The Supreme Court recently reiterated that the hallmark of a content-based regulation is the government's purpose to suppress the message conveyed by the speech or expression at issue.   See Hill v. Colorado, 530 U.S. 703, 120 S.Ct. 2480, 2491, 147 L.Ed.2d 597 (2000) (“ ‘The principal inquiry in determining content neutrality, in speech cases generally ․ is whether the government has adopted a regulation of speech because of disagreement with the message it conveys․  As we have repeatedly explained, government regulation of expressive activity is “content-neutral” if it is justified without reference to the content of regulated speech’.”) (quoting Ward v. Rock Against Racism, 491 U.S. 781, 791, 109 S.Ct. 2746, 2754, 105 L.Ed.2d 661 (1989)).   Thus, if a regulation of expression may be justified without reference to the contents of the expression, the regulation is considered content-neutral.   This point is critical, because the fact that a statute refers to the content of expression does not necessarily make it content-based if it was enacted for a valid purpose other than suppressing the expression due to a disagreement with the message conveyed or a concern over the message's direct effect on those who are exposed to it.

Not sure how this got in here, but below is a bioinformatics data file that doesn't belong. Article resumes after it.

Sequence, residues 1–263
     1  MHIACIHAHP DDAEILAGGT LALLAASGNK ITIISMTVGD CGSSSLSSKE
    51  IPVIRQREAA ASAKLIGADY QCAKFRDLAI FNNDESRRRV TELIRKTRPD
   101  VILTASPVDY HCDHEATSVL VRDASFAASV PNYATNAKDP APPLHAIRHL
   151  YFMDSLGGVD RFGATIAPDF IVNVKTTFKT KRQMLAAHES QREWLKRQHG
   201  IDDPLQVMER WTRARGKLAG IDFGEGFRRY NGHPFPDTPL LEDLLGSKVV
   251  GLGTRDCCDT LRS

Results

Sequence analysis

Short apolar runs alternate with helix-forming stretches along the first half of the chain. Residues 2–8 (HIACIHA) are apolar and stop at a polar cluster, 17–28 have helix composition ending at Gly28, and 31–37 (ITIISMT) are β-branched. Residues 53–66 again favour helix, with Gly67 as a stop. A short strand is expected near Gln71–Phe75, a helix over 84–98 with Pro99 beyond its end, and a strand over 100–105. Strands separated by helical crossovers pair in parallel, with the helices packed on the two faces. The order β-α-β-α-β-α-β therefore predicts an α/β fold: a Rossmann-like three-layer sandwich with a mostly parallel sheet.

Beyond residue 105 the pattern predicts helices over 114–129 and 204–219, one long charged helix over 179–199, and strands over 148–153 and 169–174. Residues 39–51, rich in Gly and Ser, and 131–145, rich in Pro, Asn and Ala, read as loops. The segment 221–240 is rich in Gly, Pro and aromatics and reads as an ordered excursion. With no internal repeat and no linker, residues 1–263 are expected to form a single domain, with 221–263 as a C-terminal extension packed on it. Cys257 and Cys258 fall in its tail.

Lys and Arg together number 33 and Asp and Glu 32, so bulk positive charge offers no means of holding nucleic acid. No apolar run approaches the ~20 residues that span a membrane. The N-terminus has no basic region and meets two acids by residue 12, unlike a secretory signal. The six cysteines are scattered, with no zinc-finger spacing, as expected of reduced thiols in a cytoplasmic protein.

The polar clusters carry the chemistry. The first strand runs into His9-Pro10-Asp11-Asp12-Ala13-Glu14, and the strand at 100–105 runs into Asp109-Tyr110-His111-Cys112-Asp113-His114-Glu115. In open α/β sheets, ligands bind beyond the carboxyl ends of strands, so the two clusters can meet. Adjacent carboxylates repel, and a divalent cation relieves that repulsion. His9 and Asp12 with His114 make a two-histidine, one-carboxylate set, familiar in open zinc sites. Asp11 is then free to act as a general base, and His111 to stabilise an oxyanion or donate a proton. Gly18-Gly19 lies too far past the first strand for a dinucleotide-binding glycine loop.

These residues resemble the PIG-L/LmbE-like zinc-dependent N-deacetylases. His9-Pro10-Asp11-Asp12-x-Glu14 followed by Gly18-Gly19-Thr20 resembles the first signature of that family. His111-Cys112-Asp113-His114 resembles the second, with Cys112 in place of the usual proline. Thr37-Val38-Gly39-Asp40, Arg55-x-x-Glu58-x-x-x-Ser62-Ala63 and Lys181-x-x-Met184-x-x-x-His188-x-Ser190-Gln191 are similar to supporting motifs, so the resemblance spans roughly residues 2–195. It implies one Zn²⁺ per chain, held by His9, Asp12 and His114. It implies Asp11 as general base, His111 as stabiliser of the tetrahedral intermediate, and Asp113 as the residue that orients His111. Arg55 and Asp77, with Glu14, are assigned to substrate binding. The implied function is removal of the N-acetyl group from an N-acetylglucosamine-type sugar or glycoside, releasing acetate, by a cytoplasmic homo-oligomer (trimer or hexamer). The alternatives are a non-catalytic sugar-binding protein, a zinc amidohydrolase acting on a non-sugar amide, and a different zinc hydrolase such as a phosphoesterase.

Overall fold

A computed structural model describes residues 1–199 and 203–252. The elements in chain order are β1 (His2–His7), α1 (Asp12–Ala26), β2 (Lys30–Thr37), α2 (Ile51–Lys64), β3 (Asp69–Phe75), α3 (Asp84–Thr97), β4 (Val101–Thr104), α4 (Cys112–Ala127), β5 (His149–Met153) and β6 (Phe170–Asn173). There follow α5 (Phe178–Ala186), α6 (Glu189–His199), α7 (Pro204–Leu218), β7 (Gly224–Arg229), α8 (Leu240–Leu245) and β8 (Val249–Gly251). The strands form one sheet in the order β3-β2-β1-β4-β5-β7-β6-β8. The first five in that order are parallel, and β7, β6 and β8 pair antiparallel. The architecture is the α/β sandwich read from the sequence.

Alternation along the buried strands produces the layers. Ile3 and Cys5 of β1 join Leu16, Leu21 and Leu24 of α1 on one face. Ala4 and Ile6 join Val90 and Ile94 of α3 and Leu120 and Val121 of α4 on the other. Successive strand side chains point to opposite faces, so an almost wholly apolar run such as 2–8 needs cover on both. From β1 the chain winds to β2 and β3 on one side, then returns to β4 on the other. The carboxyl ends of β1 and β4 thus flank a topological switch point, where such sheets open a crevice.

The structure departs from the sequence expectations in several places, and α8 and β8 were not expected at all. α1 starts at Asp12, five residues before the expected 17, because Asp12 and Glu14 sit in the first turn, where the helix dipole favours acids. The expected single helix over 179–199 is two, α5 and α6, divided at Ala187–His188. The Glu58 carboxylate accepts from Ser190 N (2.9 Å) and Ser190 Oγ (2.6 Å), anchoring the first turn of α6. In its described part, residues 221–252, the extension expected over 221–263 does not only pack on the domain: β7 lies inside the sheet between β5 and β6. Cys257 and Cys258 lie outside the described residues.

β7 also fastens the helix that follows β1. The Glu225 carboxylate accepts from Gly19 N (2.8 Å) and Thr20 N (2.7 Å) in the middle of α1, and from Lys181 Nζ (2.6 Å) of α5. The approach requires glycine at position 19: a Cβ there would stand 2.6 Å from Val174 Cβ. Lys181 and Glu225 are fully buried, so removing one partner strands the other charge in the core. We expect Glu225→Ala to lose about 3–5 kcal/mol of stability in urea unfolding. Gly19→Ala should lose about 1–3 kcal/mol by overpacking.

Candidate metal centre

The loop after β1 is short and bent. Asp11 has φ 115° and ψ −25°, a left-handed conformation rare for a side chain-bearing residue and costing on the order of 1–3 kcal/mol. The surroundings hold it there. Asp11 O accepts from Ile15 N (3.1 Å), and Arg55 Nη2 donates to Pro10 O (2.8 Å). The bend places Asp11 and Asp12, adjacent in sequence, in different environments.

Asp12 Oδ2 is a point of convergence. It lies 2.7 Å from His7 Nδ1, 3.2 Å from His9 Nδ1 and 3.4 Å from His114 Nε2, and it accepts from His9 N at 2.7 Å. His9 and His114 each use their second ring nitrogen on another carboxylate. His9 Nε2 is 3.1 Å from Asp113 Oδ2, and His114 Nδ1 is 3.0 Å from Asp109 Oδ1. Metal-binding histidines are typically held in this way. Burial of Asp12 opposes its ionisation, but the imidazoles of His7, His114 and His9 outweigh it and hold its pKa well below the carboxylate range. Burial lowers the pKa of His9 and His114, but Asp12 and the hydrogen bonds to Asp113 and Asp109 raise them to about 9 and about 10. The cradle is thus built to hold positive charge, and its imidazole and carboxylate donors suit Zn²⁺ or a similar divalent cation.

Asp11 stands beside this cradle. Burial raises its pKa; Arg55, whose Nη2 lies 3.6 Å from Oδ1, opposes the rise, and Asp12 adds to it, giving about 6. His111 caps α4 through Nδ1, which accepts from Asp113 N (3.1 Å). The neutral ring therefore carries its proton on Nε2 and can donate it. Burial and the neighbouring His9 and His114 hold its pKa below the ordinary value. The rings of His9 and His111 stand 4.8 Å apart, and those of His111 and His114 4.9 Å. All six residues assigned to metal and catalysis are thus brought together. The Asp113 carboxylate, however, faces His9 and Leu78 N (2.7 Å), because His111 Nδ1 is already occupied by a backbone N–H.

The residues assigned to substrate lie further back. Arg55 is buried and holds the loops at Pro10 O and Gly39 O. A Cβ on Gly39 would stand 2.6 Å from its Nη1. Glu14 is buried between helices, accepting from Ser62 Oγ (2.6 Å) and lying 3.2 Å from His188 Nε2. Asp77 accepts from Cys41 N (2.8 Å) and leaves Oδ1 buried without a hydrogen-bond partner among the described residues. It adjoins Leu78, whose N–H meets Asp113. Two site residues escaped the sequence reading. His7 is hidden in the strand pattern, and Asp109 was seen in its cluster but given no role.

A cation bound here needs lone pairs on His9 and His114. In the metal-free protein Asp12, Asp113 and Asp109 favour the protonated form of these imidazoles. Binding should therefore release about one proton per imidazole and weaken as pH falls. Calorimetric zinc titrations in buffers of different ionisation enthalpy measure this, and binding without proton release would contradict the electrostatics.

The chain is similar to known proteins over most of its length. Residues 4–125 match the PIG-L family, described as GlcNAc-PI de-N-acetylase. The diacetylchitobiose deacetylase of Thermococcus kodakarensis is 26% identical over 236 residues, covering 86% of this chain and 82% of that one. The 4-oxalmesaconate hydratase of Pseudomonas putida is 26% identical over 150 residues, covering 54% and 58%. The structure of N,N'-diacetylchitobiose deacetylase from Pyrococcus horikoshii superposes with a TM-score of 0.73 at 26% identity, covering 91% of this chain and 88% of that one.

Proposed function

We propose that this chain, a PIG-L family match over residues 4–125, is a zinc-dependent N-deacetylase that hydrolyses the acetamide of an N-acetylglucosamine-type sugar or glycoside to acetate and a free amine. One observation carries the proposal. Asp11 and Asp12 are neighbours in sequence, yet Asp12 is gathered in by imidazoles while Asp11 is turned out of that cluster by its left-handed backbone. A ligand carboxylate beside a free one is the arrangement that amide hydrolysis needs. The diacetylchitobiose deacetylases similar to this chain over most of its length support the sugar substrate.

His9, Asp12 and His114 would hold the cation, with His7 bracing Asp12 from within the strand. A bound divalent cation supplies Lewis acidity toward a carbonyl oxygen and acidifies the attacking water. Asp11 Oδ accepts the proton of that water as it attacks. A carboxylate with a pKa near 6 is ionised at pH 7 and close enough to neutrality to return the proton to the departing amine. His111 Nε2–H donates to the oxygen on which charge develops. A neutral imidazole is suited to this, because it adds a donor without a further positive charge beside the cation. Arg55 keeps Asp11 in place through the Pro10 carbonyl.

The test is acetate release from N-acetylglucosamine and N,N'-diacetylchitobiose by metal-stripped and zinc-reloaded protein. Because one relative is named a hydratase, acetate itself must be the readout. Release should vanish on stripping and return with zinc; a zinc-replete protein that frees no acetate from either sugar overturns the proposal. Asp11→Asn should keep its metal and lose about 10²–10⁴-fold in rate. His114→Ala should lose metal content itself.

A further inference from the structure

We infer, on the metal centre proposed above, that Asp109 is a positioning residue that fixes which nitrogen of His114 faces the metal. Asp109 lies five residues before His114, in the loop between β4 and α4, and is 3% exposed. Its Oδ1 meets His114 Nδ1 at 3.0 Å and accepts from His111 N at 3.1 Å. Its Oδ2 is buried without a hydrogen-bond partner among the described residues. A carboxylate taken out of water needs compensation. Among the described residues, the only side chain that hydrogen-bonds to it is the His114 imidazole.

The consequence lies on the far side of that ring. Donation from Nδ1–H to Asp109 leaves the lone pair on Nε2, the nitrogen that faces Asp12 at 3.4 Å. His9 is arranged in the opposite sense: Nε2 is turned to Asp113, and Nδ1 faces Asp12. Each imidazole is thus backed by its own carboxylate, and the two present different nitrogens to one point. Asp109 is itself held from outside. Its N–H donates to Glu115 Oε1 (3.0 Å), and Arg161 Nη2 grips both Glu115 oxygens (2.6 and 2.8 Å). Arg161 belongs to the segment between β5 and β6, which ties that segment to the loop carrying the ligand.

Section 200.11 does distinguish among the forms of expression being proscribed-it is not all nudity, but rather only nudity for entertainment purposes, that the Alabama Legislature has sought to ban.   Thus, in a narrow sense, § 200.11 is not “neutral” as to content because it explicitly permits certain types of nude expression while restricting other types of nude expression based entirely on whether the expression is for entertainment purposes.   Ranch House emphasizes this fact heavily.   As noted above, however, both the Supreme Court and this Court have framed the inquiry more broadly, by focusing on the purpose of the legislature in enacting the challenged law.